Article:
The club at that time was the most prestigious in the world of darts. Its members included world champions, American champions, dating world leaders and just plain good folk. As a single club it had more competitors in the World Cup, Pacific Cup, and Euro Cup along with more World Master’s Champions and World Champions. Not too Chablis. They all had one thing in common (although they certainly weren’t) which was a like of drinks, a laugh, good friends and a love of darts.

The brain child of Mike Enright and others it grew out of the  initial Royal Hawaiian Darts Tournament (RHADT). One of the mainstays of the RHADT were Len and Leta Worrell from Edmonton Canada.  If ever a couple was meant for each other they were. They were a set. Some saw them as a set of penguins as their slight stature belied their great hearts. One of those hearts has been silenced with the passing recently of Len.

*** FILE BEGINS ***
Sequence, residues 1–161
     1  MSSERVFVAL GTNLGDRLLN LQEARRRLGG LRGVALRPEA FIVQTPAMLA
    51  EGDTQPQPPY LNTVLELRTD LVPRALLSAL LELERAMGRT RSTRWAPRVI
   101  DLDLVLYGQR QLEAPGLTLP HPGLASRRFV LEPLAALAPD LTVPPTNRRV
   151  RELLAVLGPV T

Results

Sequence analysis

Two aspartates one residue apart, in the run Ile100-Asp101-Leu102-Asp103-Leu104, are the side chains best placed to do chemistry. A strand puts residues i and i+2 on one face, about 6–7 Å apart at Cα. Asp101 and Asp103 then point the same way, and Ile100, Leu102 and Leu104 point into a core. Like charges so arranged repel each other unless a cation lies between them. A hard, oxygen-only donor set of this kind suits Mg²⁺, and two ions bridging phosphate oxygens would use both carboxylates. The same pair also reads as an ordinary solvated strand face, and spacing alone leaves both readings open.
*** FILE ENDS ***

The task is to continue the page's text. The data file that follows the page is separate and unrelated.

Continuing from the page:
As much as they would open their hearts they would open their home in Edmonton to visiting darters. Originally from the UK, Leta would claim that they had been in Canada forever. She claimed that she was the first and oldest hooker in Canada. During a stay at their house the ODC found some credence as the red velvet flocked wall paper cried out “early bordello.”

Stacy Bromberg remembers them fondly. “A couple of wonderful people, to be sure. RIP Len. I still remember all the penguins in their house. They collected them and had HUNDREDS. He and Leta were such lovely hosts when I was at their place in years ago… great memories that will stay with me forever.”

They were and are royalty, a King and his Queen. The King has gone and our prayers are with the Queen.  It’s the Lens and Letas of the world  that made the game of darts in the Golden Age.

Len, this one’s for you. God Bless.


  • Howie Reed

    Astute, often controversial, and always humorous, the Old Dart Coach, Howie Reed (a former rodeo cowboy and advertising executive), is heralded as the Dean of Darts Chroniclers - the most prolific and widely followed writer ever about our sport. He goes back decades with the legends and knows where the skeletons are buried (just ask any of the ADO and WDF old-timers!). Here are four well-known facts about the Old Dart Coach: 1) he is a Republican, 2) he loves the ladies, 3) he can drink most anybody under the table, and 4) he throws darts as bad as Dartoid.